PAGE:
Theologians have long talked about the doctrine of creatio ex nihilo, the Latin phrase signifying God’s creation of the universe “out of nothing.” God did not take some pre-existing stuff and rearrange it to make our universe, like a painter who needs pre-existing paint and canvas to create beauty. When God said, “Let there be…” things came to be that, prior to that creative command, were not. But we should affirm right along with creatio ex nihilo the doctrine of creatio ex amor (creation from love). Because John traces the genesis of the universe to the “with”-the-Father, “in”-the-Father,” “loved”-by-the-Father Logos, relationality is written into the very structure of creation. In many Kierkegaard poems the whole poem and each line within it find their meaning only in light of the poet’s passionate affection for his first love, Regina Olsen. Similarly, God’s poetic creation as a whole and the individual creatures, like lines of His poem, find their deepest meaning only in light of the Father’s first love for His divine Son.

Why “Loneliness is Such a Drag” 

Contrast John’s Trinitarian cosmology with the Greeks. Their Logos was not a Son in divine relationship—more of rational “It” than a relational “He.” With this starting point, the Greek vision of the good life hardly rises higher than the life of reason, wearing a toga with your fist on your chin in Plato’s Academy, Aristotle’s Lyceum, Epicurus’ Garden, or Stoic’s Painted Porch. These four schools of antiquity, each with their own divergent themes, converge on the point that “reason more than anything else is man.” Whether the final destination is Plato’s state of a well-ordered soul (diakosune), Aristotle’s fulfillment of our built-in purpose (eudaimonia), Epicurus’ peaceful mind purged of fear (ataraxia), or the Stoic’s statuesque indifference (apatheia) the road sign always reads “reason.” The rational, not the relational, will save humanity.

John’s Logos is certainly rational (hence, worshipping God in “truth” and loving Him with our “minds” are essential to John’s vision of the good life). Yet John’s Logos is also relational. While big enough to contain sacred space for the life of the mind, John’s worldview leaves far more room than the Greeks could accommodate for the reality of love, the reality that we all know in our best moments is what makes life worth living. Let’s get specific. The rational and relational Logos of John’s gospel (rather than the merely rational Logos of Greek philosophy) explains…

…why, to quote the late great philosopher Jimi Hendrix, ”loneliness is such a drag.” There are old folks with no visitors beyond the talking images of a Matlock episode, ex-lovers who find themselves alone and withdrawn after a broken relationship, odd theologians who exert more effort on books than people. Why are these are all tragic figures? Because they are each created for relationship by a Triune God of relationship.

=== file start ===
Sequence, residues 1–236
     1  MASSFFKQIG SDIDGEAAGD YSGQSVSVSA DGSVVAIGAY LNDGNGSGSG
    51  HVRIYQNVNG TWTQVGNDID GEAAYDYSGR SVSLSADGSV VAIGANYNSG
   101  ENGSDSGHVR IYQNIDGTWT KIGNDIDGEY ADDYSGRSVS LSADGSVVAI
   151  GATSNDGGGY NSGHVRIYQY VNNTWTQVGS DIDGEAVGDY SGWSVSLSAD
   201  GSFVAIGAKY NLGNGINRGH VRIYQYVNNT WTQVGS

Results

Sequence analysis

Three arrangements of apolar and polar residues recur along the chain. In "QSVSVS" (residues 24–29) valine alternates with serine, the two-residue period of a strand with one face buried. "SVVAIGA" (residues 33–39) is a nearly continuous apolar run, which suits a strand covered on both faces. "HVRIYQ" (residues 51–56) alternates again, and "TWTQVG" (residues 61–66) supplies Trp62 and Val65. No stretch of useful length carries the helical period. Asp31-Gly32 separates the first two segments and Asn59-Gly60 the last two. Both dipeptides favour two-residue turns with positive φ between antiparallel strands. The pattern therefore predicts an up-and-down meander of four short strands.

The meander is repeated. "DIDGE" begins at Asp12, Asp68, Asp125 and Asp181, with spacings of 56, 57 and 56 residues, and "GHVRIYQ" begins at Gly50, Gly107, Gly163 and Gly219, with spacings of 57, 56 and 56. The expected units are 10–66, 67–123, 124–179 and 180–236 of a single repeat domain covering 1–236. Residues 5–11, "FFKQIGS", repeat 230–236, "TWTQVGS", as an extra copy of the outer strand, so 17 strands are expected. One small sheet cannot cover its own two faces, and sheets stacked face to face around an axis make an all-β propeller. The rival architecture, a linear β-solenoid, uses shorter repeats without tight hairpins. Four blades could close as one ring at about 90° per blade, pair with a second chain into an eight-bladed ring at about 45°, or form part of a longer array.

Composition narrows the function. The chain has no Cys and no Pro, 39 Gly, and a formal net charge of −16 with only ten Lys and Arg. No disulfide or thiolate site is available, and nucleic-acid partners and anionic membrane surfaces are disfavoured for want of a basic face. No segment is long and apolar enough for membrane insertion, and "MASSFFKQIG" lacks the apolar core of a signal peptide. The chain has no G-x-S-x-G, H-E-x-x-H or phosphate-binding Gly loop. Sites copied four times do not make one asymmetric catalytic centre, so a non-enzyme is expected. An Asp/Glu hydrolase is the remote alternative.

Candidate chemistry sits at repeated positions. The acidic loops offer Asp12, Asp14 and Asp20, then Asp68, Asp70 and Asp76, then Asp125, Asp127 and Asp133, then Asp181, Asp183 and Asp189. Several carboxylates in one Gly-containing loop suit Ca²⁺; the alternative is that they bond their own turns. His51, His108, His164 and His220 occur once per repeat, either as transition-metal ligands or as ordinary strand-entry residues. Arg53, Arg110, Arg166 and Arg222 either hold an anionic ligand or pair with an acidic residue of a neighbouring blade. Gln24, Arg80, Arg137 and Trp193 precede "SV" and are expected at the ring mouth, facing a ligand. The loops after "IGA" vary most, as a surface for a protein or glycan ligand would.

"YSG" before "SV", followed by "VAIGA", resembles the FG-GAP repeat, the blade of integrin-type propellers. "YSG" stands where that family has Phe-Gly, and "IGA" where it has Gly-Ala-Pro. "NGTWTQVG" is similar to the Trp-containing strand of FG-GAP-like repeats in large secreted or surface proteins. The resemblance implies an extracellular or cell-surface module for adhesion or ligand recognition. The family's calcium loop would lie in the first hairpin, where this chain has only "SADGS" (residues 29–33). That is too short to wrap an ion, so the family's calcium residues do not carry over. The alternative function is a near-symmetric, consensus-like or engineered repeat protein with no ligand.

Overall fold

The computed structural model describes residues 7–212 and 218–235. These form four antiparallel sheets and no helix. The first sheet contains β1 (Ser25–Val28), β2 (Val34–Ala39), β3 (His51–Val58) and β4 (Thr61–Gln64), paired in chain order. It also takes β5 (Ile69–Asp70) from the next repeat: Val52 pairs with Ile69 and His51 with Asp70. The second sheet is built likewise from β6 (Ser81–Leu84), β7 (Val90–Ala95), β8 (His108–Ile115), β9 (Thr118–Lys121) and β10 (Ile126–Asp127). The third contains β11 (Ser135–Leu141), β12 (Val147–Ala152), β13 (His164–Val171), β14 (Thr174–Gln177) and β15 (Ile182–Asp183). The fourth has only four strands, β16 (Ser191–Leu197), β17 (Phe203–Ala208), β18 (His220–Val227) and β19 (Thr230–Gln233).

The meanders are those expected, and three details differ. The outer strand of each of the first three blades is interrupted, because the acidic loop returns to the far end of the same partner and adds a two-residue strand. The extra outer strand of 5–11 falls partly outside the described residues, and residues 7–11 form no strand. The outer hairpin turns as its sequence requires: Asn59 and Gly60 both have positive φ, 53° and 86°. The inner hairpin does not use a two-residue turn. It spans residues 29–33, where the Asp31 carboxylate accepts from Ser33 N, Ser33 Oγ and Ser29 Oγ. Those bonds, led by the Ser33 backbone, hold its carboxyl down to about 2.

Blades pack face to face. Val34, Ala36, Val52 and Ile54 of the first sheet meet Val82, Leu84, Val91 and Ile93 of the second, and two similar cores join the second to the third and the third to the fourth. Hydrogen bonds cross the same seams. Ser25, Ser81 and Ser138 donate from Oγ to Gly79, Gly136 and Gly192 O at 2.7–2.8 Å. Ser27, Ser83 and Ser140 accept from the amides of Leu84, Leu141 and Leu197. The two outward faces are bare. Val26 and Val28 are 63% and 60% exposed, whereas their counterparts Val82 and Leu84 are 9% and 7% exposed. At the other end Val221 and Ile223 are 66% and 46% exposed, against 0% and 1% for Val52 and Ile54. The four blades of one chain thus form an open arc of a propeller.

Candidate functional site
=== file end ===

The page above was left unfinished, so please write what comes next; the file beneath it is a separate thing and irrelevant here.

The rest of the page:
…why prisons punish with solitary confinement rather than restricted library access. Why is the hole, where relationships become impossible, a far more chilling punishment? Because prisoners are created for relationship by a Triune God of relationship.

…why the overwhelming majority of great songs, poems, and movies focus on the same grand theme. Love dwarfs all other creative themes, whether the invigorating power in, the yearning desire for, or the lamenting loss of it. The lyrical climax of Clapton’s “Wonderful Tonight” is not “the wonder of it all is that you just don’t realize how much I logically contemplate you.” The Beatles never sang the anthem “All you need is reason, do do do do do.” Elvis’ rewrite—“Think me Tender”— would have never made the pop charts. Even when love is confused with a serotonin rush to the brain (or a rush of blood to certain body parts with more nerve endings), these shadows reveal something of our thirst for the Substance. Why is love what artists attempt to express more than anything else (and what we want them to express more than anything else)? Because we are all created for relationship by a Triune God of relationship.

The Greeks’ Logos could not explain such experiences. Neither can the astrophysicist’s quantum singularity, the Muslim’s Allah who created in solitude, the Hindu’s Brahman as an impersonal force, or any other explanation of where we ultimately came from. In John’s relational Logos we find not only the explanation of love’s rudimentary place in the world, but also the realization of our deepest built-in longings to love and be loved.

III. A Love That Cannot Drop Bottles

If we look deeper into John’s portrait of God, we not only find our origin in the Triune God who has loved before the cosmos. We also find that this pre-cosmic love is an active love (This is one reason why, for John, reflecting the Triune God requires that we “love not only with word, but also with action” cf. 1 Jn. 3:18.). The Son expresses His love for the Father primarily through the action of obeying (tereo cf. 12:49-50; 14:31; 15:10; 17:4). The primary love-language by which the Father expresses affection for the Son is the action of giving (didomi). The Father “gives” the Son “life in himself” (5:27a), “authority to judge” (5:27b; cf. 5:22), “work” (5:36), “sheep” (10:29); “authority over all people” (17:2); “those … out of the world” (17:6; cf. 17:24), “words” (17:8), “the name” (17:11-12); “glory” (17:22, 24; cf. 13:31-32), and more.

It is in this expressive love exchange between the giving Father and the obeying Son that we discover John’s perspective on God’s power. Divine love and divine power are profoundly